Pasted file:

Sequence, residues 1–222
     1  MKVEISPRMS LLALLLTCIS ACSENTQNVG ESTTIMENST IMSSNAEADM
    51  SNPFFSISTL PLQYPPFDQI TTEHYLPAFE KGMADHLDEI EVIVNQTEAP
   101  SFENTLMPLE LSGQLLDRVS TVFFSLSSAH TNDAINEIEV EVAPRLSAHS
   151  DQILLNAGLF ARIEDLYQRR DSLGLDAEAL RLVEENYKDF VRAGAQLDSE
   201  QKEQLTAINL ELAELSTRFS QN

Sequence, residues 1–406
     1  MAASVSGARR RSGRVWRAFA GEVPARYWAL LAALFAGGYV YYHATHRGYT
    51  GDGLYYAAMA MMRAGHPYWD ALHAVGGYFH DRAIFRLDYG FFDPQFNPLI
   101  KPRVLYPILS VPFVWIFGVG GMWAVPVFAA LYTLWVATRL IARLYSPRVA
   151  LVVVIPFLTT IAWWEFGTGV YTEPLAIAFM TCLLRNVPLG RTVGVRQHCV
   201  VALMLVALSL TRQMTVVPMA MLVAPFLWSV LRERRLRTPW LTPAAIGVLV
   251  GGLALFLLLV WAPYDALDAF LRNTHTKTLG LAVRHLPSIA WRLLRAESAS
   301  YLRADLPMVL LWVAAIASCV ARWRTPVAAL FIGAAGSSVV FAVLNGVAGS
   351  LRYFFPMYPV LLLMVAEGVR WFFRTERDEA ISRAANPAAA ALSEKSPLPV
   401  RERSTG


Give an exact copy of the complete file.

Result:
Sequence, residues 1–222
     1  MKVEISPRMS LLALLLTCIS ACSENTQNVG ESTTIMENST IMSSNAEADM
    51  SNPFFSISTL PLQYPPFDQI TTEHYLPAFE KGMADHLDEI EVIVNQTEAP
   101  SFENTLMPLE LSGQLLDRVS TVFFSLSSAH TNDAINEIEV EVAPRLSAHS
   151  DQILLNAGLF ARIEDLYQRR DSLGLDAEAL RLVEENYKDF VRAGAQLDSE
   201  QKEQLTAINL ELAELSTRFS QN

Sequence, residues 1–406
     1  MAASVSGARR RSGRVWRAFA GEVPARYWAL LAALFAGGYV YYHATHRGYT
    51  GDGLYYAAMA MMRAGHPYWD ALHAVGGYFH DRAIFRLDYG FFDPQFNPLI
   101  KPRVLYPILS VPFVWIFGVG GMWAVPVFAA LYTLWVATRL IARLYSPRVA
   151  LVVVIPFLTT IAWWEFGTGV YTEPLAIAFM TCLLRNVPLG RTVGVRQHCV
   201  VALMLVALSL TRQMTVVPMA MLVAPFLWSV LRERRLRTPW LTPAAIGVLV
   251  GGLALFLLLV WAPYDALDAF LRNTHTKTLG LAVRHLPSIA WRLLRAESAS
   301  YLRADLPMVL LWVAAIASCV ARWRTPVAAL FIGAAGSSVV FAVLNGVAGS
   351  LRYFFPMYPV LLLMVAEGVR WFFRTERDEA ISRAANPAAA ALSEKSPLPV
   401  RERSTG